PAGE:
The steady mobilization of workers over the past few months offers hope that the rampant exploitation in the sector might end
By Prasanth R / The Dawn News / May 8, 2018
This year’s International Workers’ Day saw a fresh assertion by McDonald’s workers of their rights in the United Kingdom as they protested against low wages and an oppressive contract system. Workers from six outlets took part in the protest that marks the latest advance in the sector in the country after a historic strike in September and balloting regarding these issues in certain outlets of the company in April.
The demands of the workers include a minimum wage of £10 an hour, an end to zero hour contracts and the right to organize. Following the strike in September, McDonald’s announced a pay hike in January but it was applicable only to workers in company-owned outlets, which form only 25% of the total number in the country. The pay hikes also differed based on region and age of employees, leading to only a fraction of employees benefiting. Following the wage hikes, staff above 25 in company-owned outlets are paid between £8 and £10 per hour. The minimum wage as of May 1 is £7.83 though the living wage in London, an informal benchmark, is at £10.20. McDonald’s chief executive Steve Easterbrook is believed to earn about £5,700 an hour.
Ahead of the May 1 protest, McDonald’s worker, Annalise Peters (20) wrote about the precarious conditions of employment, especially due to the prevalence of zero hour contracts. McDonald’s is one of Britain’s largest employers to use the system, which does not assure employees fixed working hours. This leaves employees, who are already struggling for a livelihood, at the mercy of the management. After intense pressure, McDonald’s offered its workers fixed contracts but claimed that most of them were happier with the zero-hour system. However, workers like Annalise claim that the offer by the corporate was not serious and workers found it difficult to access the new contracts.
The striking employees are supported by the Bakers, Food and Allied Workers Union (BFAWU) and have received the backing of Labour leaders Jeremy Corbyn and and John McDonell, as well as a number of Members of Parliament.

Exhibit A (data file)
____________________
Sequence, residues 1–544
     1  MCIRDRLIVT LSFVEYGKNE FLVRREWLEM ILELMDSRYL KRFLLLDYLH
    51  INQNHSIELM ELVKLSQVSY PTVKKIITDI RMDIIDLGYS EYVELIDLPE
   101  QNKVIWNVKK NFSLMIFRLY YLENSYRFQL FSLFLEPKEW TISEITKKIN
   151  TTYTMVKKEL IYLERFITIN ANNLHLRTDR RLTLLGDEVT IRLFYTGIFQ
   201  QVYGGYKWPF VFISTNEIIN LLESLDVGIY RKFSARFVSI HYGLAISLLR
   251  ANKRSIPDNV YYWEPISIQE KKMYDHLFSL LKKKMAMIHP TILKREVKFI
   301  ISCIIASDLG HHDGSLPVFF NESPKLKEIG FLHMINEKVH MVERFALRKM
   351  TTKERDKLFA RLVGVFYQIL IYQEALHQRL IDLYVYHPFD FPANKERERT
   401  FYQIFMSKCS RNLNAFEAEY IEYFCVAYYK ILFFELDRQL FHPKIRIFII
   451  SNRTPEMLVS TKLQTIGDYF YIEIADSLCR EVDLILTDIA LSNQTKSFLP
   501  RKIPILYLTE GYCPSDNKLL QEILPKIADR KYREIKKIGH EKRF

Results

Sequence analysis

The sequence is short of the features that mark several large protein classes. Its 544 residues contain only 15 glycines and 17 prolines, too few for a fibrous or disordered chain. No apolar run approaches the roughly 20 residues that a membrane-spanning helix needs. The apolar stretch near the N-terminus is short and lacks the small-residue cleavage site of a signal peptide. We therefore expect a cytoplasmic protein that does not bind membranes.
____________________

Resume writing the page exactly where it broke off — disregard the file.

Over the past few years, workers across the world have been in the forefront of a challenging the exploitative practices of fast food giants, who have capitalized on massive unemployment to hire workers at a pittance. The Fight for $15 movement that began with walk-outs by fast food workers in the US now includes workers from various sectors seeking a minimum wage of $15. In April, workers in six US cities took to the streets after McDonald’s failed to keep its promises regarding wages. In New Zealand, unions have claimed the fast food giant has stolen $9 million in workers’ wages.
The fast food sector and its employment practices have been the site of the rampant exploration of some of the most vulnerable sections of society. However, the steady mobilization of workers offers hope that a change might be on the horizon.
As Annalise Peters wrote:
I’ll be able to spend a little less time focusing on McDonald’s and more on pursuing my studies. With £10 an hour in my pocket, I’ll have a bit more time to enjoy my social life. Our movement is growing and it’s growing really quickly. McDonald’s, watch out. We’re standing up for ourselves and others.